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Title: The mechanism of action of novel therapies for use in Chronic Lymphocytic Leukaemia
Author: Kohlhaas, Susan Louise
ISNI:       0000 0004 2669 1196
Awarding Body: University of Leicester
Current Institution: University of Leicester
Date of Award: 2007
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Chronic Lymphocytic Leukaemia (CLL) remains incurable and novel treatments are urgently required to combat this disease. The proteasome inhibitor bortezomib induces high levels of apoptosis in vitro in CLL patient samples, but clinical trials have been discouraging. In this study, bortezomib induced apoptosis in all CLL samples tested at nanomolar concentrations. However, incubation of CLL cells with red blood cells (RBCs) reduced the activity of bortezomib. These data imply that RBC uptake may reduce the activity of bortezomib in vivo. TNF-related apoptosis inducing ligand (TRAIL) is an attractive cancer therapy because of its selectivity towards tumour cells. TRAIL and agonistic mAbs to two TRAIL receptors (TRAIL-R1 and TRAIL-R2) are in clinical trials. CLL cells are resistant to TRAIL but can be sensitised by pre-treatment with histone deacetylase inhibitors (HDACi). HDACi sensitised CLL cells to preparations of TRAIL that induce apoptosis through TRAIL-RI but not through TRAIL-R2. In contrast, K562 cells, when pre-treated with HDACi, responded to preparations of TRAIL that induce apoptosis through TRAIL-R2. To confirm this, TRAIL receptor-selective mutants were generated and tested for specificity in cell lines. CLL cells, pre-treated with depsipeptide, responded only to the TRAIL-R1 mutant. These data confirm that CLL cells can be sensitised to TRAIL induced apoptosis primarily through TRAIL-R1 and that clinical trials in CLL should focus on HDACi in combination with preparations of TRAIL that induce apoptosis through TRAIL-R1. Recent publications suggest that internalisation of CD95 and TNFRI are required for induction of apoptosis. TRAIL-internalisation has not been widely studied. In this study, TRAIL-induced DISC formation was shown to occur at the plasma membrane, suggesting that TRAIL signalling is unlike other members of the TNF superfamily (CD95L and TNFa). Inhibiting TRAIL internalisation with hyperosmotic solution did not inhibit apoptosis induction, suggesting that internalisation is not important for TRAIL activity.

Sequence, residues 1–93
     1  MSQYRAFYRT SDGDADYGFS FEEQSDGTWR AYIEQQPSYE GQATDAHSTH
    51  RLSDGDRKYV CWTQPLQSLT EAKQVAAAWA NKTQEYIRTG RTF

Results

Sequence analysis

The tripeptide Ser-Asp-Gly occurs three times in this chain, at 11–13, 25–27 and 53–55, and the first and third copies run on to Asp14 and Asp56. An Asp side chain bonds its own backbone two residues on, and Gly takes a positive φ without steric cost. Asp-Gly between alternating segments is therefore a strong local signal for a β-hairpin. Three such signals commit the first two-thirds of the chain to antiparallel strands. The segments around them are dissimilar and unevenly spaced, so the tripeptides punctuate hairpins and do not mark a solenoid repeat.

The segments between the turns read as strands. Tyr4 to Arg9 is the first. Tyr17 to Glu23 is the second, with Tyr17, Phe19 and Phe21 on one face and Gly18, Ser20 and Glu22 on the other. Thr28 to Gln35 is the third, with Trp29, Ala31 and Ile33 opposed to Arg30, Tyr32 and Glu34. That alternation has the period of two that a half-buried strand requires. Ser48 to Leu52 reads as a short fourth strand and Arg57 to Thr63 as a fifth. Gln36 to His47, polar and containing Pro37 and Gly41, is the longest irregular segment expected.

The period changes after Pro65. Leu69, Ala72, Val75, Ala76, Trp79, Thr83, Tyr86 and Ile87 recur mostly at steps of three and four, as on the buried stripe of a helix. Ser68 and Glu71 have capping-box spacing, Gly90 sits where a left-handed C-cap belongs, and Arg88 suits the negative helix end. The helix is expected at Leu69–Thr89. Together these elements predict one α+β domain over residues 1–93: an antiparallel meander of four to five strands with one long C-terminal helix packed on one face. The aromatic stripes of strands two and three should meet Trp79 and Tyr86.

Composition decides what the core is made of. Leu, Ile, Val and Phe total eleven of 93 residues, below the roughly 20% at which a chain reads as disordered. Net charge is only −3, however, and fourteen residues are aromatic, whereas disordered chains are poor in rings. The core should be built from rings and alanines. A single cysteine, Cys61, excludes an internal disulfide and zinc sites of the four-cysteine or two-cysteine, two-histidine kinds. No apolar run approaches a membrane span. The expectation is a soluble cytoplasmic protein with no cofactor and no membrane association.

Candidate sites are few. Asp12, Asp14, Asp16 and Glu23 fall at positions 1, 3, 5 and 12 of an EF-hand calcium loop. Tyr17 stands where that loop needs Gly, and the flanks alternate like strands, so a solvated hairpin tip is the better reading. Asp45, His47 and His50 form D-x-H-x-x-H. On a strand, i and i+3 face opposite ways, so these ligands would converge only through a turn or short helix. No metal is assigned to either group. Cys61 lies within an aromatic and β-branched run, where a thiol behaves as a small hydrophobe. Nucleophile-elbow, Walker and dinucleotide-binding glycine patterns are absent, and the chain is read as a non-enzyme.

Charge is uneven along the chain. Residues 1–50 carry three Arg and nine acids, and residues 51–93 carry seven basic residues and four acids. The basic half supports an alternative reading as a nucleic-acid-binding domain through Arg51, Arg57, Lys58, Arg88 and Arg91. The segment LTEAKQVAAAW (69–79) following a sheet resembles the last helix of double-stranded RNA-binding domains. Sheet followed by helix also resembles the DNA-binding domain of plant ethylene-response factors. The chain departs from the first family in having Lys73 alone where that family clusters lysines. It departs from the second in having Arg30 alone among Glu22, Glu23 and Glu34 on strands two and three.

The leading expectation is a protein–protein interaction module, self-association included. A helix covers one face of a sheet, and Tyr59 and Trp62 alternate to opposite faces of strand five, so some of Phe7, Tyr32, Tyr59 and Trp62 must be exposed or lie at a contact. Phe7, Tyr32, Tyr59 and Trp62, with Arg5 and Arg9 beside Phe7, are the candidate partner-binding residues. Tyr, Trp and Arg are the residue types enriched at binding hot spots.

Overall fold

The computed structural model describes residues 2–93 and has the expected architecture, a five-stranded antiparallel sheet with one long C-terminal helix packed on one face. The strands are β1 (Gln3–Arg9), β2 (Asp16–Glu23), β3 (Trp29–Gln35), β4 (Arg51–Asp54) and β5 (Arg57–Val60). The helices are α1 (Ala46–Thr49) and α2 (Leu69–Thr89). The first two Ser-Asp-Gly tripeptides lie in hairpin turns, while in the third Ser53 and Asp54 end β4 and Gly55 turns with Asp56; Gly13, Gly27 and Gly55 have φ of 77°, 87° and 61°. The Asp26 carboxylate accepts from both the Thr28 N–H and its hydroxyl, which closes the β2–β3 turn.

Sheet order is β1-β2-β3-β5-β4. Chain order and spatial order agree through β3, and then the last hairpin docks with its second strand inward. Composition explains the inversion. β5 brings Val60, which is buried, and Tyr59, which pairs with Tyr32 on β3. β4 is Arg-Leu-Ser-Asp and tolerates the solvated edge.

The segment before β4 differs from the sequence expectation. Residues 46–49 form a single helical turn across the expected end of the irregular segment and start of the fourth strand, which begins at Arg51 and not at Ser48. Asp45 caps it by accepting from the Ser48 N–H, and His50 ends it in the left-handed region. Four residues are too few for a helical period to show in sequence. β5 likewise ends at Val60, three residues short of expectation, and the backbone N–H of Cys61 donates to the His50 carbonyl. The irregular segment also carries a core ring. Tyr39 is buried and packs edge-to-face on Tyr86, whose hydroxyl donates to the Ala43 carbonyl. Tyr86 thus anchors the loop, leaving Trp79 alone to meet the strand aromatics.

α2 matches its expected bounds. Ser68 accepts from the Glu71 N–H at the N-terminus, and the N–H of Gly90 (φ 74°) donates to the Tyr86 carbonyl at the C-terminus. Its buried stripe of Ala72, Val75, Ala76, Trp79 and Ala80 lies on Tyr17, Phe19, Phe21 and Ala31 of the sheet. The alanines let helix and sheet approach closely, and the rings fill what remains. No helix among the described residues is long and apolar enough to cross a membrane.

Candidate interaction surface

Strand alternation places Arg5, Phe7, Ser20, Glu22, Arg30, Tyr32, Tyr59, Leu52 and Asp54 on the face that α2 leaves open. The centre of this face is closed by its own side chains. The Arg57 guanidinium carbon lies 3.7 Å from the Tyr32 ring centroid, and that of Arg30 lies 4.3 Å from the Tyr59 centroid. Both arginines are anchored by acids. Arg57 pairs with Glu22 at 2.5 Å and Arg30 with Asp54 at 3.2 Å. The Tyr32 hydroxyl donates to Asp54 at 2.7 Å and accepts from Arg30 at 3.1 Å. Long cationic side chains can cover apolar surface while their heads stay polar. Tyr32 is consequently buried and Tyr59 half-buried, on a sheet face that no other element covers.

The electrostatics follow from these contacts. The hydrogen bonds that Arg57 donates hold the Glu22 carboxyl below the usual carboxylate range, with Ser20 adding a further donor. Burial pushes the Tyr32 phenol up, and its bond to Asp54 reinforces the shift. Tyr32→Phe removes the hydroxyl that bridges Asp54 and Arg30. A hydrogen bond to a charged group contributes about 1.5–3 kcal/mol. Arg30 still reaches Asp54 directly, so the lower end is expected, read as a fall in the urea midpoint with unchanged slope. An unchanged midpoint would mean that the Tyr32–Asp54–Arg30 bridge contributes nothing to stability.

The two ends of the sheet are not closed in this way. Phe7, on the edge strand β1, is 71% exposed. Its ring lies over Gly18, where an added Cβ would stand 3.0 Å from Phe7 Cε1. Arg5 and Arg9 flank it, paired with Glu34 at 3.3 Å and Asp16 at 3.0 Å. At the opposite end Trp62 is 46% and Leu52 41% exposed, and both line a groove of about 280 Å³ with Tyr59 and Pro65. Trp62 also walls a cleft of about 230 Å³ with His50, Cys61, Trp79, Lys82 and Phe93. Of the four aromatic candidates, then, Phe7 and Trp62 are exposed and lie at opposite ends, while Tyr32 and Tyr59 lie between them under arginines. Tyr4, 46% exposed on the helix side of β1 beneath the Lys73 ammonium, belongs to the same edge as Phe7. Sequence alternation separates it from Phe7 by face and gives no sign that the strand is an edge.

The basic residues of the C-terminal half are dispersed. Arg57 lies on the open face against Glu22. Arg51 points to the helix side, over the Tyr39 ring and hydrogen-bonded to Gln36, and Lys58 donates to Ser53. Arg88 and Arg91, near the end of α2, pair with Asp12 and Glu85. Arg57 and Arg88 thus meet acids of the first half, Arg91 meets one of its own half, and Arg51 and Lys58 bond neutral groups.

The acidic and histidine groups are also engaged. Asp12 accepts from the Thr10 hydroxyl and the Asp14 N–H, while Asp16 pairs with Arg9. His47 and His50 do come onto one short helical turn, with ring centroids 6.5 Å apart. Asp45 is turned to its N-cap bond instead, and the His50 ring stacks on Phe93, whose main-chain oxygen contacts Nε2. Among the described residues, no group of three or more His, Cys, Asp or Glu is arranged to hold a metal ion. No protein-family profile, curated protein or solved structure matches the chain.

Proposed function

Supervisor: Cohen, Gerry ; Dyer, Martin Sponsor: Not available
Qualification Name: Thesis (Ph.D.) Qualification Level: Doctoral
EThOS ID:  DOI: Not available